Vautrollier, Thomas (DNB00)

From Wikisource
Jump to: navigation, search

VAUTROLLIER, THOMAS (d. 1587?), printer, was a Huguenot of learning, who came to London from Paris or Rouen about the beginning of the reign of Queen Elizabeth. He was admitted a brother of the Stationers' Company on 2 Oct. 1564, and probably worked as a servant to some printer till 1570, when he established a press in Blackfriars. His first publication was ‘A Booke containing divers Sortes of Hands,’ 1570. In 1578 he printed ‘Special and Chosen Sermons of D. Martin Luther,’ without a license, and was fined 10s., and in the following year was fined for a similar offence. In the general assembly of the church of Scotland, 1580, a recommendation was made to the king and council that Vautrollier should receive a ‘licence and priviledge’ as a printer in Scotland. The exact date of his arrival in Edinburgh is not known. He brought a large supply of books with him, and traded as a bookseller for several years before he started a press. This appears from a complaint made against him by Charteris and others, so that in 1580 the town council demanded custom for the books he imported (Town Council Records). Vautrollier, when he came to Scotland, brought a letter of introduction from Dr. Daniel Rogers [q. v.], one of the clerks of the privy council, to George Buchanan (1506–1582) [q. v.] During his absence from London the press there was in full operation under the management of his wife. It appears that Vautrollier returned to London, and shortly afterwards had to leave for Edinburgh again, as it is supposed he had incurred the displeasure of the Star-chamber by the publication of Bruno's ‘Last Tromp,’ dedicated to Sir Philip Sidney. On his way to Scotland he was plundered by robbers. Having succeeded in establishing his press in Edinburgh in 1584, Vautrollier was patronised by James VI, and printed the first of the king's published works, ‘The Essayes of a Prentise in the Divine Art of Poesie,’ 1584, and, at the desire of the king, an English translation of Du Bartas's ‘History of Judith,’ 1584—both issued ‘cum privilegio regali.’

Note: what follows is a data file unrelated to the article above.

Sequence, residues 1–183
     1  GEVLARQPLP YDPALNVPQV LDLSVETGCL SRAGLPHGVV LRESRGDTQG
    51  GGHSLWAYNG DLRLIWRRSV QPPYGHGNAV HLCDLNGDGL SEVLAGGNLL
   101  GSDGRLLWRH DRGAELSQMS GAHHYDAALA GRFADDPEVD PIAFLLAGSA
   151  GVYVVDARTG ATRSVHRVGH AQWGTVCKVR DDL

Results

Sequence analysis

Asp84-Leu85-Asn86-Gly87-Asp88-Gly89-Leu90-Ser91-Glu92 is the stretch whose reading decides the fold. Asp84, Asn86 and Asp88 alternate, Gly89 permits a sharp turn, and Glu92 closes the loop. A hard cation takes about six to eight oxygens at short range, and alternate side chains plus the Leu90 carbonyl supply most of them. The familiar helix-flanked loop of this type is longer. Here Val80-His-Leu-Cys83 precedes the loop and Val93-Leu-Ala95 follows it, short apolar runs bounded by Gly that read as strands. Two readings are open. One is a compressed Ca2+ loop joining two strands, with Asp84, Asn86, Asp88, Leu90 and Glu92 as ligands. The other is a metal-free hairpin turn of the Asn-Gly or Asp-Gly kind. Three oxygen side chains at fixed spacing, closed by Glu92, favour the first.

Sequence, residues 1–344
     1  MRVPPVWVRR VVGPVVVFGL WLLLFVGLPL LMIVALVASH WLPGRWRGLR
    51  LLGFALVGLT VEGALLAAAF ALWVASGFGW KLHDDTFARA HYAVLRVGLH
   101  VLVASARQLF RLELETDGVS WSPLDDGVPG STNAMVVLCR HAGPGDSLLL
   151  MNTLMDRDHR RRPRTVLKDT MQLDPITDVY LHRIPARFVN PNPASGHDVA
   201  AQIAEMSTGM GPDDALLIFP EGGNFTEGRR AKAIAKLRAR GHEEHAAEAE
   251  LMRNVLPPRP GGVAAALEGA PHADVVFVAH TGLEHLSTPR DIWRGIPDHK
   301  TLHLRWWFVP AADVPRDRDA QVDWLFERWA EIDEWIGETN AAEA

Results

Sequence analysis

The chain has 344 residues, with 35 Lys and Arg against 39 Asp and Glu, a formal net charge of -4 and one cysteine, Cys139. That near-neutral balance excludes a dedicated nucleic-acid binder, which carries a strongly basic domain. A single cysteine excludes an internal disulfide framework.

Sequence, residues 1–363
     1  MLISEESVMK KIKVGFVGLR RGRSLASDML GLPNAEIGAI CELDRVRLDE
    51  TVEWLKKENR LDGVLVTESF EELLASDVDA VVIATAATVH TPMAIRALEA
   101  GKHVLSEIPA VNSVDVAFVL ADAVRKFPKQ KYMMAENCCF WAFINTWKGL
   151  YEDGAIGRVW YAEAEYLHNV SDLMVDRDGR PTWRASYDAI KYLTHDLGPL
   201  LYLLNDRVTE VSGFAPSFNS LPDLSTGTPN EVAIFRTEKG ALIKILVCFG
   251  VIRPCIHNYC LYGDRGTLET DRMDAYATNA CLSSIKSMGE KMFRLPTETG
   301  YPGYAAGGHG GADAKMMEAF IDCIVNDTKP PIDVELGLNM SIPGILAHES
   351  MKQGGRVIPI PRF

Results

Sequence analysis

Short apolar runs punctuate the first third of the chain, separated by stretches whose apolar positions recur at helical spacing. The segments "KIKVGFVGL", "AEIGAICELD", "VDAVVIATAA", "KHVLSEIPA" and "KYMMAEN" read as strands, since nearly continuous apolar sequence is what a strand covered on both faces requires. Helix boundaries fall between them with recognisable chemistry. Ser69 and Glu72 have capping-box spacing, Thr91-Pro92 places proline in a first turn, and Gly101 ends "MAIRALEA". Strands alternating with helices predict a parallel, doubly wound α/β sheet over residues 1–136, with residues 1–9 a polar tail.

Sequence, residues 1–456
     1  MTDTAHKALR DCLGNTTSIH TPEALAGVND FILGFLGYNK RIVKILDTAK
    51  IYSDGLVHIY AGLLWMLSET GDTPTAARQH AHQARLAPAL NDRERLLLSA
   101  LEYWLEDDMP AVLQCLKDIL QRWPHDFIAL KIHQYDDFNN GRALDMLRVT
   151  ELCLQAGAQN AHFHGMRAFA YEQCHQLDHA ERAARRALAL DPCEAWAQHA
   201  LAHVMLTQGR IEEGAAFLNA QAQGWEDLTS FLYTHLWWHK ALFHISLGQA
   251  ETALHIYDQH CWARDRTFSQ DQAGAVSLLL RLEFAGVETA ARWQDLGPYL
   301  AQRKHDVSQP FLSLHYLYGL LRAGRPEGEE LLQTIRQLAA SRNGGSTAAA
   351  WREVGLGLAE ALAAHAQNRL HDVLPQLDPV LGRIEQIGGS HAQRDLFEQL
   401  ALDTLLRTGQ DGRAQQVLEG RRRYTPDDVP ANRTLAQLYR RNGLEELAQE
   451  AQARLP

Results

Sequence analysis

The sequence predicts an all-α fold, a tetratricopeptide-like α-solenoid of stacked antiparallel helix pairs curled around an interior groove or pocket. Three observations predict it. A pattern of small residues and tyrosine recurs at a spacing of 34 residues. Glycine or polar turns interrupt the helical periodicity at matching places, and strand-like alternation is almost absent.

In 1584 Vautrollier printed six distinct works, and in the following year only two. In 1586 he returned to London, having obtained his pardon, taking with him a manuscript copy of John Knox's ‘History of the Reformation,’ which he ‘put to press, but all the copies were seized [by the order of Archbishop Whitgift] before the work was completed’ (Works of John Knox, vol. i. p. xxxii). No perfect copy of this edition is extant.

After his return he dedicated to Thomas Randolph (1523–1590) [q. v.], master and comptroller of the queen's posts, a work which he translated and printed, titled ‘An excellent and learned treatise of Apostasi … Translated out of French into English by Vautrollier the printer.’ In this dedication, which is dated ‘from my poor house in the Black ffryers the 9th May 1587,’ he acknowledges to Randolph ‘the great duty wherein I stand bound to your worship for your great favours and assistance in my distresses and afflictions.’ Vautrollier remained in London till the time of his death, which took place some time before 4 March 1587–8, for on that day the Stationers' Company ordered ‘that Mrs. Vautrollier, late wife of Tho. Vautrollier, deceased, shall not hereafter print anye manner of book or books whatsoever, as well by reason that her husband was noe printer at the tyme of his decease, as also for that by the decrees sette downe in the Starre Chamber she is debarred from the same.’ In 1588, however, she printed several works probably left by her husband in an unfinished state. Vautrollier had several privileges conferred upon him, among others one from James VI in 1580. He had also liberty to employ in his printing office ‘six Frenchemen or Duchemen, or suche like’ (Stationers' Reg. B. fol. 487 b).

Vautrollier had four devices, all of which have an anchor suspended by a right hand issuing from clouds, and two leafy boughs twined, with the motto ‘Anchora Spei.’

Vautrollier had a number of children, sons and daughters. The following appear in the register of Black Friars—Simon, Thomas, Daniel, and Manassie. A daughter Jaklin was married in 1588 to Richard Field (fl. 1579–1624), Shakespeare's friend and fellow-townsman, who succeeded Vautrollier in his house and business. On that ground Field has been reckoned among Vautrollier's apprentices, and the further fanciful theory has been educed that Shakespeare, like his friend Field, acquired a knowledge of printing in Vautrollier's workshop (Shakspere and Typography, 1872).

[Dickson and Edmond's Annals of Scottish Printing (containing list of publications and a facsimile of device); Arber's Transcript of the Stationers' Company Registers; Harleian MS. 5910; two manuscripts by George Chalmers in Advocates' Library, entitled ‘Hist. Annals of Printing in Scotland’ and ‘Printing in Scotland;’ Ames's Typogr. Antiq. ed. Herbert.]

G. S-h.